Battle ‘needs safe spaces to walk and cycle’

A review is being carried out into Battle’s pathways in a bid to improve walking and cycling spaces in the town and surrounding areas.

Wednesday, 7th April 2021, 5:22 pm
A new study has been launched to improve cycling and walking routes around Banbury.

The drive to improve these spaces follows on from the success of the new health pathway on Battle Recreation Ground.

In 2020 Battle Town Council created a Cycling and Walking Working Group in the hope of securing sponsorship from the Government Emergency Active Travel Fund.

The fund was set up in response to the Covid-19 pandemic with a view to encouraging an increase in levels of cycling and walking, with an emphasis on delivering infrastructure improvements. Prior to this, a number of Battle residents had worked on cycling and walking infrastructure developments, however several bids were made in 2020 without success.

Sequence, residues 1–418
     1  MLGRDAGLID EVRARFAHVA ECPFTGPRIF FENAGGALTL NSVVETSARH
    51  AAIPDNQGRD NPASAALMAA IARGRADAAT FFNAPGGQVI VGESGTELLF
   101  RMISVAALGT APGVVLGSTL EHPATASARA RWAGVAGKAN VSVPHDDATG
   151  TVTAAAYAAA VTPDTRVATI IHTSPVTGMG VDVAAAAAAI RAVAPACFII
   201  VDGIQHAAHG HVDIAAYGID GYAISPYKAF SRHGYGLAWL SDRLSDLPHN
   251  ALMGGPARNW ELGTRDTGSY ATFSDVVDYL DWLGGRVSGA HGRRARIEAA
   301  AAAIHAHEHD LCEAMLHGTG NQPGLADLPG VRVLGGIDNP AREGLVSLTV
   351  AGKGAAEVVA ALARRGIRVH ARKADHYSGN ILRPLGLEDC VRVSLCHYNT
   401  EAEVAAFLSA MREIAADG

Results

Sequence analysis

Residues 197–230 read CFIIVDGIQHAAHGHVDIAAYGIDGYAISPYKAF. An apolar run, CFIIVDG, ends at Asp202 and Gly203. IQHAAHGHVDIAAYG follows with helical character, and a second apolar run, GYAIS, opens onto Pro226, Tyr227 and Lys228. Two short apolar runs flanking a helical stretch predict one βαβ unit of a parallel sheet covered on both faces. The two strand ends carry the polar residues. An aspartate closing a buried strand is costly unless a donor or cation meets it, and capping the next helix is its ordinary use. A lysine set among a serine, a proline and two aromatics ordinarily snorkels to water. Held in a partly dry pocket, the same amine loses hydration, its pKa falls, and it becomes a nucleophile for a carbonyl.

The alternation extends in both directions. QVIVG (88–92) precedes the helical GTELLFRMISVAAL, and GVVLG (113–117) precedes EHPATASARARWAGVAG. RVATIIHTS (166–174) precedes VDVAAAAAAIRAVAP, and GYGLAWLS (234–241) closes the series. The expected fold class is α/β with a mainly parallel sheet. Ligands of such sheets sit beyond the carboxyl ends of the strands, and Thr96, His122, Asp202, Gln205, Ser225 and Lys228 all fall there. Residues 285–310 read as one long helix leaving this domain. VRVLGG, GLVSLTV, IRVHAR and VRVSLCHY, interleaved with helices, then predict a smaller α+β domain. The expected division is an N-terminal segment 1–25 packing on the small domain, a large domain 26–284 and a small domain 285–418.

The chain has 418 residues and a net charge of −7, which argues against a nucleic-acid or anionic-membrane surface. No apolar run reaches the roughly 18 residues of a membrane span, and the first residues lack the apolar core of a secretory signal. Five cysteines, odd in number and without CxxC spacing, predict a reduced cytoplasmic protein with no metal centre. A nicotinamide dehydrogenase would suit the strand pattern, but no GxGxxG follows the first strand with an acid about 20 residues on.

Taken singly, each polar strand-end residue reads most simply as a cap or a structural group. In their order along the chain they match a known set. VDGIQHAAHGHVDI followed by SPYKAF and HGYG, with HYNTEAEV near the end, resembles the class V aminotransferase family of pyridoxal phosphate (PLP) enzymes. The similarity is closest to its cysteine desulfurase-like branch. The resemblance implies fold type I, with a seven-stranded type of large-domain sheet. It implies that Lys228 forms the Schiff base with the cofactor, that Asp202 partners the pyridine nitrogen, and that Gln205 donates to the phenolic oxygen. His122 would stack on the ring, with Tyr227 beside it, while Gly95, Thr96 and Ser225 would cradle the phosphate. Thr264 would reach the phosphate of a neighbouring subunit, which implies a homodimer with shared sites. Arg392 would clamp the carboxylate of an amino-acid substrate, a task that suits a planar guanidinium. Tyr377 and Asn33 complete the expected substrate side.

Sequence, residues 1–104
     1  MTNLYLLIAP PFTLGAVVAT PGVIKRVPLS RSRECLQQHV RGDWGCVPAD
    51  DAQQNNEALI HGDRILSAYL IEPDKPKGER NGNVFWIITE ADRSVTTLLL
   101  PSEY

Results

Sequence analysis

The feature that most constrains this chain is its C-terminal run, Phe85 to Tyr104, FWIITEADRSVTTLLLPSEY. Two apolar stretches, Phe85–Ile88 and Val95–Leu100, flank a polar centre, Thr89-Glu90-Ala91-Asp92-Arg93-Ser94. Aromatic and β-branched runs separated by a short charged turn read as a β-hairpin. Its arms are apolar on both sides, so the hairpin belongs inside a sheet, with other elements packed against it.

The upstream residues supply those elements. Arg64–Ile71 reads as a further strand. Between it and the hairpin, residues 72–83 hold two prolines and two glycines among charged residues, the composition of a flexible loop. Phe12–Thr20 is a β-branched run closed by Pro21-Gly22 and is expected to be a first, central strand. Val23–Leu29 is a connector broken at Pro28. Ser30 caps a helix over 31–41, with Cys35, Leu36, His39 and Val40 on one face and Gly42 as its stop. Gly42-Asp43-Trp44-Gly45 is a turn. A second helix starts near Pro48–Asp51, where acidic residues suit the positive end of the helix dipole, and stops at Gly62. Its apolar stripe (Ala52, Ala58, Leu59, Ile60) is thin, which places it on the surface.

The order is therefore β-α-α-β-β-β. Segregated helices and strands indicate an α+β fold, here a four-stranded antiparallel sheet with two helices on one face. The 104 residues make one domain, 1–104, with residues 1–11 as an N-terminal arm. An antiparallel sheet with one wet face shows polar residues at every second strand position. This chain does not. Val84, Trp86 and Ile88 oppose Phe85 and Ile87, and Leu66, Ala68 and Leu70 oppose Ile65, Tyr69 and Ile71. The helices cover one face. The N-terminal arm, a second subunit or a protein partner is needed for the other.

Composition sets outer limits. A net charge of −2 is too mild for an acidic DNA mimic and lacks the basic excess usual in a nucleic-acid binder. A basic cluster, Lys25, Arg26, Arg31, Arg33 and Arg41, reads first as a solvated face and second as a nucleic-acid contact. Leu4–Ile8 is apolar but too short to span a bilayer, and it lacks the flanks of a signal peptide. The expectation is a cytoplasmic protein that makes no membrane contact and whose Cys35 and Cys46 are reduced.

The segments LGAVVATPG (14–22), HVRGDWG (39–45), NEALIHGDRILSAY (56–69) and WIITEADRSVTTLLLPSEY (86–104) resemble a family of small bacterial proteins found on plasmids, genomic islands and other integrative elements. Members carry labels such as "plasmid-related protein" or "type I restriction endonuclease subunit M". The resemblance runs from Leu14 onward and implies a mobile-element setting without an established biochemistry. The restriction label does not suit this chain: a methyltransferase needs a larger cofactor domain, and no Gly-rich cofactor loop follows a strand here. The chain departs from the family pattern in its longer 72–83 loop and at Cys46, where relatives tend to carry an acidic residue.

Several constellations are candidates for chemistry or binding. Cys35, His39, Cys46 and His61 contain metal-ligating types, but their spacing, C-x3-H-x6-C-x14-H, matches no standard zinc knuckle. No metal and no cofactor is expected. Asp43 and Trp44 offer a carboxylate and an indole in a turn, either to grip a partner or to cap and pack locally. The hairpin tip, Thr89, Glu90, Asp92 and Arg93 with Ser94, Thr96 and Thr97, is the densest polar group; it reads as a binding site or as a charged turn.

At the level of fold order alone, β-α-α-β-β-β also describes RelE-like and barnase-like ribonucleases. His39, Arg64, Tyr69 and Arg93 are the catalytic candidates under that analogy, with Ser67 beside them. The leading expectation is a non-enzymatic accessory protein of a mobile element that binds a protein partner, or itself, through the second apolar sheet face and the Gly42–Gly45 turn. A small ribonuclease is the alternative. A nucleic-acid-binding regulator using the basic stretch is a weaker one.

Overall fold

The council’s new working group is now evaluating the infrastructure parish-wide for small-scale projects which could be developed to a more detailed stage, ready for when further funding opportunities arise.

Cllr Dale Wheeler, chair of Battle Town Council Cycling and Walking Working Group, said: “The health pathway on Battle Recreation Ground has been a huge success, and we are keen to expand this to other areas of Battle so residents can enjoy safe spaces to walk and cycle.

“Walking and cycling are good for our physical and mental health and we feel this would be hugely beneficial to Battle residents in many ways.”

The working group is currently considering the footpath which runs between Battle & Langton School and Park Lane, to see whether it can be widened, resurfaced and made safer for all users, including walkers and cyclists.

The route ties in with East Sussex County Council and Sustrans active travel infrastructure and forms a small section of the Battle Schools Greenway.

In the long term, the working group plans to improve infrastructure and connectivity across the parish and encourage residents to switch from car journeys to active travel.

To find out more about the project, contact Battle Town Council via www.battletowncouncil.gov.uk